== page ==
America’s National Retail Federation (NRF) yesterday asked president Joe Biden to step in and help fix port congestion as retailers face up to the trickiest peak season in living memory.
“The supply chain disruption issues, especially the congestion affecting our key maritime ports, are causing significant challenges for America’s retailers,” NRF president and CEO Matthew Shay wrote in a letter to the White House. “The congestion issues have not only added days and weeks to our supply chains but have led to inventory shortages impacting our ability to serve our customers. In addition, these delays have added significant transportation and warehousing costs for retailers.”
70% of US retailers have had to add 2 to 3 weeks to their supply chains because of congestion issues
Shay suggested that as the Biden administration undergoes supply chain reviews for critical sectors, including transportation, addressing the current state of America’s nation’s ports and freight movement must be a critical component of the strategy.
The White House announced last week the creation of a Supply Chain Disruptions Task Force. Led by the secretaries of commerce, transportation and agriculture, the task force would bring together stakeholders “to diagnose problems and surface solutions – large and small, public or private – that could help alleviate bottlenecks and supply constraints”.
The NRF revealed yesterday a recent survey of member companies found that 97% of retailers indicated they have been impacted by port and shipping delays. More than two-thirds said they had to add two to three weeks to their supply chains because of the congestion issues, something that is likely to be exacerbated in the coming weeks as US supply chains grapple with the chaos created by a Covid-19 outbreak at key export ports in south China. Latest satellite tracking data shows there are now very close to 100 boxships anchored off southern China waiting for berth spaces to become available, up from 15 vessels a month ago.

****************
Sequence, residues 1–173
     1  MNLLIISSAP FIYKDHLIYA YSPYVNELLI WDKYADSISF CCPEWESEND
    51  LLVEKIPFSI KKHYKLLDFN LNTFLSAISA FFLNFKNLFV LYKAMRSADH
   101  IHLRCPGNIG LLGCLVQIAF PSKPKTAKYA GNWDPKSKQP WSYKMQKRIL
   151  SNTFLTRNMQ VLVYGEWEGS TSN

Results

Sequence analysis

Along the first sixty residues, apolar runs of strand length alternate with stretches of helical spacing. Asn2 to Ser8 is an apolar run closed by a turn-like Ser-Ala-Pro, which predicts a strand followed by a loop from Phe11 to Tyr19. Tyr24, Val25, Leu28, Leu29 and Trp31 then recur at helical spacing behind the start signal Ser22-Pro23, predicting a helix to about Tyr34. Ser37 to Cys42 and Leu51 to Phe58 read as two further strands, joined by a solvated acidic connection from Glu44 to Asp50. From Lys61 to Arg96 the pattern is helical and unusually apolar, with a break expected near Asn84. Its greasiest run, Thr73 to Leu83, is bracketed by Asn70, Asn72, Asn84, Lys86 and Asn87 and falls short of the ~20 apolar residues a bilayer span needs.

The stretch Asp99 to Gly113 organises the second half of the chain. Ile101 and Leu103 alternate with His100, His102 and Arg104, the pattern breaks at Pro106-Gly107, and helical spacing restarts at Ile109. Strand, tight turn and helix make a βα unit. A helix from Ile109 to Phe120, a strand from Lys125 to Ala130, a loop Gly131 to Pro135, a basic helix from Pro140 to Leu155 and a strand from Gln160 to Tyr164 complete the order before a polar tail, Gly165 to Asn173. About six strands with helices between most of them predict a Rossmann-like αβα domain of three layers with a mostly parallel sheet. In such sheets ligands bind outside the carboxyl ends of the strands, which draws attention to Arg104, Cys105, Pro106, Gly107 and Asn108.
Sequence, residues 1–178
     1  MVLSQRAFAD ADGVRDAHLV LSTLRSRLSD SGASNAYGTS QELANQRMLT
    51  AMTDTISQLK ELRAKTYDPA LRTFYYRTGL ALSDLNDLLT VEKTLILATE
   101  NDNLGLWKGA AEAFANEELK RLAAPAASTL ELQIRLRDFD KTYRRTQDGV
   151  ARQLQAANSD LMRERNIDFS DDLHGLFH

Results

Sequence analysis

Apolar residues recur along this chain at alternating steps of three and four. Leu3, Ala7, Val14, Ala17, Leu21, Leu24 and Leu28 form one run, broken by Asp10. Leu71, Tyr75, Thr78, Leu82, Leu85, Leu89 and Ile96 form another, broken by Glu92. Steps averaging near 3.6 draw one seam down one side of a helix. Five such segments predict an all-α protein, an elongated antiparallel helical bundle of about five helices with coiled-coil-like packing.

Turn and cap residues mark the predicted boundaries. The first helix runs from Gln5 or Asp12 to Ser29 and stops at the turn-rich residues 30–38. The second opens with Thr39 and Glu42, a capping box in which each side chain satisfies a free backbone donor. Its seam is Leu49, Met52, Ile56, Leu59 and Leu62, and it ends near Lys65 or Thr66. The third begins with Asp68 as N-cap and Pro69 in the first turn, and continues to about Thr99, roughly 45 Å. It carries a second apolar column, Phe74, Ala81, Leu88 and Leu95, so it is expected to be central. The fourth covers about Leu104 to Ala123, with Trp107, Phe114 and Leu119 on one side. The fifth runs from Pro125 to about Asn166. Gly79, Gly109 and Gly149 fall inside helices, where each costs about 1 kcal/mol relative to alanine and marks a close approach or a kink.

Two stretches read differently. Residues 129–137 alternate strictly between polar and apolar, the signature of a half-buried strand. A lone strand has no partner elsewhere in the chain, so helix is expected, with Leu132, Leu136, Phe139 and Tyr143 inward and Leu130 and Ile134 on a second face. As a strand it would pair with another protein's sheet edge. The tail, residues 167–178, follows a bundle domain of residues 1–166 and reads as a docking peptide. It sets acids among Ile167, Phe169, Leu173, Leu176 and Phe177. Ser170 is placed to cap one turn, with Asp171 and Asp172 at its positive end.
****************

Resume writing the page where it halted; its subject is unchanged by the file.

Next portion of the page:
The enormous strains felt by retailers in the US, struggling to get stock on their shelves, took an extraordinary turn in recent days with one of the biggest names on the American high street deciding to take matters into its own hands.
Home Depot, the largest home improvement retailer in the US, has chartered in a boxship to move its own goods.
The Home Depot shipping news has been creating headlines across industry media. Analysts contacted by Splash suggested the move by the retail giant was more about getting a message across to transport partners rather than pushing ahead with its own standalone transport plans given that Home Depot had taken just one ship, meaning monthly sailings at best.
“Maybe this is more of a symbolic move to let carriers know we are prepared to do this if you don’t offer reasonable rates rather sooner than later,” one analyst suggested in conversation with Splash.